A 100-strong delegation from Aotearoa will shortly be saying “Håfa Adai” (hello) to Guam for the 12th Festival of Pacific Arts.
Next week the delegation, comprising Māori and New Zealand-based Pasifika artists, will travel with the Royal New Zealand Defence Force to the Micronesian island for the festival, which runs from 22 May to 4 June 2016.
The delegation will be transported on an RNZAF Boeing 757 to and from the festival, with pickup/drop off points at Whenuapai air base in Auckland, Hamilton International Airport and Wellington Air Movements in Rongotai.
Held once every four years the Festival of Pacific Arts is arguably the world’s largest gathering of Pacific people. A government-to-government invitation the aim of the festival is to strengthen relationships across the Pacific, with Creative New Zealand responsible for Aotearoa’s presence.
The delegation will be led by the chair of the Arts Council’s Māori Committee, Darrin Haimona (Head of Delegation), Te Kahautu Maxwell (Delegation Kaumātua), along with support from Arts Council members Suzanne Ellison (Pou Āwhina) and Caren Rangi (Pou Āwhina Pasifika).
“It’s very special to be involved in an event that brings the whole of the Pacific together to celebrate what unites us as well as what makes us unique through culture and art,” says delegation head Darrin Haimona.
“We are excited to provide our artists this international platform to present their work along with the opportunity to strengthen their networks with other Pacific artists.”
Among the artistically diverse New Zealand delegation is multi-disciplinary Māori artist Lisa Reihana who will represent New Zealand at next year’s prestigious Venice Art Biennale. Lisa will present moving image and other works at the festival.
Music producer, composer and teaching artist Anonymouz (aka Matthew Salapu) will capture the spirit of the festival by creating an original 15 minute audio soundscape work. It will sample the natural environment of Guam as well as the various cultures, ethnicities, individuals, groups and communities involved in the festival.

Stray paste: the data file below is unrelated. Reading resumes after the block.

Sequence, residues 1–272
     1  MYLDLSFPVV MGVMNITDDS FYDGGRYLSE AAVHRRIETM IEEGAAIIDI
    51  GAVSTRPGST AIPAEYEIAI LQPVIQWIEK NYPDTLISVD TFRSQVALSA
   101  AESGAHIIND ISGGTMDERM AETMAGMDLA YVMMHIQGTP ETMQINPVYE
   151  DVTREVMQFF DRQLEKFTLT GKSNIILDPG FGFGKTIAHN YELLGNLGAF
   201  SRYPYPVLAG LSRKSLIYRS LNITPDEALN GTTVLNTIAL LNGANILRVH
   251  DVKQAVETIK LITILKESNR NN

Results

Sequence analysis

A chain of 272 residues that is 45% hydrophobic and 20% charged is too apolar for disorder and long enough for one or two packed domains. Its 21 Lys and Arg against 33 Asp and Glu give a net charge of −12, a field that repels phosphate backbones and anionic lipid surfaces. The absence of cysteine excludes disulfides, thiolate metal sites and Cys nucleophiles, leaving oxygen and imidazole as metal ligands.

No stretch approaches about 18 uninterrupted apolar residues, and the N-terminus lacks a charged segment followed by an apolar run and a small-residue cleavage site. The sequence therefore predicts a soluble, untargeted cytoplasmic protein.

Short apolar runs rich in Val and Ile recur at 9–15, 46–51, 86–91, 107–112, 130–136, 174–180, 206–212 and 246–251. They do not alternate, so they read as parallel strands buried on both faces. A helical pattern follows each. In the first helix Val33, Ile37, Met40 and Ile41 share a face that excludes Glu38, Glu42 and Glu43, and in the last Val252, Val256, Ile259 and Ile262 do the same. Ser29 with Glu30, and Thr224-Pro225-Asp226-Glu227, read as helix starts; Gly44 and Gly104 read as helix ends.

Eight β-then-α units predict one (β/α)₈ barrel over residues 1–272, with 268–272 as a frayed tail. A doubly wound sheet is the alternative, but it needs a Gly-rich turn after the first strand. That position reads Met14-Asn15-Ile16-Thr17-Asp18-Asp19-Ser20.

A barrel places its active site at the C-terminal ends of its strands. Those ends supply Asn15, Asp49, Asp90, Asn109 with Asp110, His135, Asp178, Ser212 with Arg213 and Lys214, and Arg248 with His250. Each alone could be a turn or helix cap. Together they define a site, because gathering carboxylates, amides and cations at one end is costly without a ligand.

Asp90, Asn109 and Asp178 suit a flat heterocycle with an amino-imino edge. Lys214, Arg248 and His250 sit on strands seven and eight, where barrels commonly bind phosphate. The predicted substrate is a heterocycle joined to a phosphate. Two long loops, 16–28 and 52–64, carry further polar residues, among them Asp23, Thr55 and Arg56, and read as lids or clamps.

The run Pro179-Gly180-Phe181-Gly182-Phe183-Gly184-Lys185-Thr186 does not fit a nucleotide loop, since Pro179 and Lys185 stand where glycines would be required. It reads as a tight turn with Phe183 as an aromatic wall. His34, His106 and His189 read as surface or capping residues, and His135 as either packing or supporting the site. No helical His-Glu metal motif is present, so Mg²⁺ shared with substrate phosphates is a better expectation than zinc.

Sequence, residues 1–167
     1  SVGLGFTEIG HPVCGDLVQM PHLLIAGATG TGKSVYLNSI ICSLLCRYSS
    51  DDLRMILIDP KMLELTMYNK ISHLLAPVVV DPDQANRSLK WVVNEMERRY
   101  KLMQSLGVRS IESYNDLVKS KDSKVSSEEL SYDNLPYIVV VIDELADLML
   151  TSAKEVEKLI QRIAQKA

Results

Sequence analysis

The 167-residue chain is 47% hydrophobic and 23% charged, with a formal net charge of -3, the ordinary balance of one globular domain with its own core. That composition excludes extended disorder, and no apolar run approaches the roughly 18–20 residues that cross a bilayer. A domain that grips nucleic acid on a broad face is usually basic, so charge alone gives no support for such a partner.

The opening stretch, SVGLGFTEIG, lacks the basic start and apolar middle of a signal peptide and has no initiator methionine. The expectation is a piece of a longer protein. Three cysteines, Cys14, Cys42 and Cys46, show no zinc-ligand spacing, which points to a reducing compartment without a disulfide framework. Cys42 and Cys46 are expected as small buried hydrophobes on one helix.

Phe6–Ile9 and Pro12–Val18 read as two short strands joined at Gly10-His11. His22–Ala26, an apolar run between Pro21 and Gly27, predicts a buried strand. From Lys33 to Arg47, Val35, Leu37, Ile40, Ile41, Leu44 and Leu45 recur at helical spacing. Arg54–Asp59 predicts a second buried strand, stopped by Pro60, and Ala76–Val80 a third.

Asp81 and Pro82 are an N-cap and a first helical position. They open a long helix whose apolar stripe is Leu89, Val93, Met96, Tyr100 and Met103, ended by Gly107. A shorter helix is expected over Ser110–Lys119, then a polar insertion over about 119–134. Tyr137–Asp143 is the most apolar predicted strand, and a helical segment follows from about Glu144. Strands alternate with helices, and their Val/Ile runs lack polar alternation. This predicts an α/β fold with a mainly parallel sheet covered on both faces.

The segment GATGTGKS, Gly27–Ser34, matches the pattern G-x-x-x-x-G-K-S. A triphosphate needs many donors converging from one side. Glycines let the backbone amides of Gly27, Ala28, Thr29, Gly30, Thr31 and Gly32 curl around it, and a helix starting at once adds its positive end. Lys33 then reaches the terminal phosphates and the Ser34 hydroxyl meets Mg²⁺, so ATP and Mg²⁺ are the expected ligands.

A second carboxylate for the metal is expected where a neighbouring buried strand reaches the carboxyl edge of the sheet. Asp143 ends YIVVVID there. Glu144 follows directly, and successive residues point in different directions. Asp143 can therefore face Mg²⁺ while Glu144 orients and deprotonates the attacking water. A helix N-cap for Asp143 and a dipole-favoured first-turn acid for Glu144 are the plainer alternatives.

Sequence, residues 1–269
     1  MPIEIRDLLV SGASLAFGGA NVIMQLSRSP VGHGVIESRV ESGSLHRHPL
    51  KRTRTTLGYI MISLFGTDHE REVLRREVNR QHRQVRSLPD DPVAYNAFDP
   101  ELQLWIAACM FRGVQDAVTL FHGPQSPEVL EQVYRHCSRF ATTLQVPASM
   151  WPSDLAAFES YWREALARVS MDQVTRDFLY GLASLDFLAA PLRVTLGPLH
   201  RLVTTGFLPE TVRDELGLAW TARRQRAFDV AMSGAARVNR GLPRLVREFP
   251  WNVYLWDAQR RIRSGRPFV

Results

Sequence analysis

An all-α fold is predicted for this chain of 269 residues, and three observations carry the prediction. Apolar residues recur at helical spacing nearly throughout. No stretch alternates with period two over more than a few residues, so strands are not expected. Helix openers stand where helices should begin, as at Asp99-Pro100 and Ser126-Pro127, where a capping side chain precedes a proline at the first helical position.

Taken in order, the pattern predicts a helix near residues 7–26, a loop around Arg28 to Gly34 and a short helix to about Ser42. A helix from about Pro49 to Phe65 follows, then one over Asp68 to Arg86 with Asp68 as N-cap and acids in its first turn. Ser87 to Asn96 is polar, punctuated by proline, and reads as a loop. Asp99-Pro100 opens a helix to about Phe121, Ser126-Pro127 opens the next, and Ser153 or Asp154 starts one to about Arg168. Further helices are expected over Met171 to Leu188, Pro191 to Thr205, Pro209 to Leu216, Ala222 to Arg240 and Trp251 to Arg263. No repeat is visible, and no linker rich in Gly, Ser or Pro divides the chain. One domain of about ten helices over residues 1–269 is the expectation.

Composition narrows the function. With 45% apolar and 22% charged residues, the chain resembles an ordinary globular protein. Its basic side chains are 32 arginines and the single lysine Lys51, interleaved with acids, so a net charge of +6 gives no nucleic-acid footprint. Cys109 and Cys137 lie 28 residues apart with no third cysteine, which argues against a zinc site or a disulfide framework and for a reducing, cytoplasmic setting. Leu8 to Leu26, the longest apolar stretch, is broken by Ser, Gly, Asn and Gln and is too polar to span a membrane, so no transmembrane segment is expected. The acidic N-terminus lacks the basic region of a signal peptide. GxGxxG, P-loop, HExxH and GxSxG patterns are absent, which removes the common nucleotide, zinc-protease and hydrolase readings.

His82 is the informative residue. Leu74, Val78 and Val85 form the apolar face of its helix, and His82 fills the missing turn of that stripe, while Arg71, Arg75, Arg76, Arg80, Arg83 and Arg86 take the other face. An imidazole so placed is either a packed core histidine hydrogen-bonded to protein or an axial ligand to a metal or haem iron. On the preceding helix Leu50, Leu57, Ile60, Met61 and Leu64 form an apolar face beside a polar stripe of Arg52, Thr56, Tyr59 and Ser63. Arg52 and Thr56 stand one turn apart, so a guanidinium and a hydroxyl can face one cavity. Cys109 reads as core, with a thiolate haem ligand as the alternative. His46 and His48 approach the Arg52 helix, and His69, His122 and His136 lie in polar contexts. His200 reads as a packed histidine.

World champion contemporary Māori street artists Charles and Janine Williams will paint a large-scale mural in a public space in Guam, as well as share their experience through multimedia and live painting demonstrations.
Internationally renowned and respected Samoan actor, writer and director Maiava Nathaniel Lees is leading a group of performers presenting Fale Sā (‘the Sacred House’) which is based on the Spirit of the Pacific.
National kapa haka champions Te Whānau-ā-Apanui will bring a strong Aotearoa flavour to the delegation. Since winning Te Matatini last year, they have performed in Spain at the Esdansa Festival, the Royal Edinburgh Military tattoo in Melbourne and Wellington, WOMAD in New Plymouth and the Merrie Monarch Festival in Hawai’i.
Veteran waka voyager Hoturoa Barclay-Kerr will share his knowledge and expertise at the festival. He was the kaihautū (leader) of the waka Haunui that took part in the epic ‘Te Mana o Te Moana’ journey in 2011/12, which saw seven vaka moana and a hundred Pan-Pacific Islanders sail throughout the Pacific to revive their ancient art of voyaging for the future of their ocean.
Fresh from the New Zealand Comedy Festival, Samoan/Welsh comedian, writer and political commentator James Nokise will perform his piece Big Words. A 2013 Fred Dagg Comedy Award Nominee and two-time Billy T Comedy Award Nominee, James has carved out a reputation in New Zealand going after everything from gangs, to politicians, to stereotypes within Pacific culture.
The Festival of Pacific Arts brings together more than 2,000 artists and other cultural practitioners from 27 Pacific nations. New Zealand has sent a delegation to every festival since it began in 1972.
Creative New Zealand has invested $650,000 to support Aotearoa New Zealand’s presence at the 12th Festival of Pacific Arts in Guam and will provide on the ground support staff.
Artist delegation list (full details on Creative New Zealand website)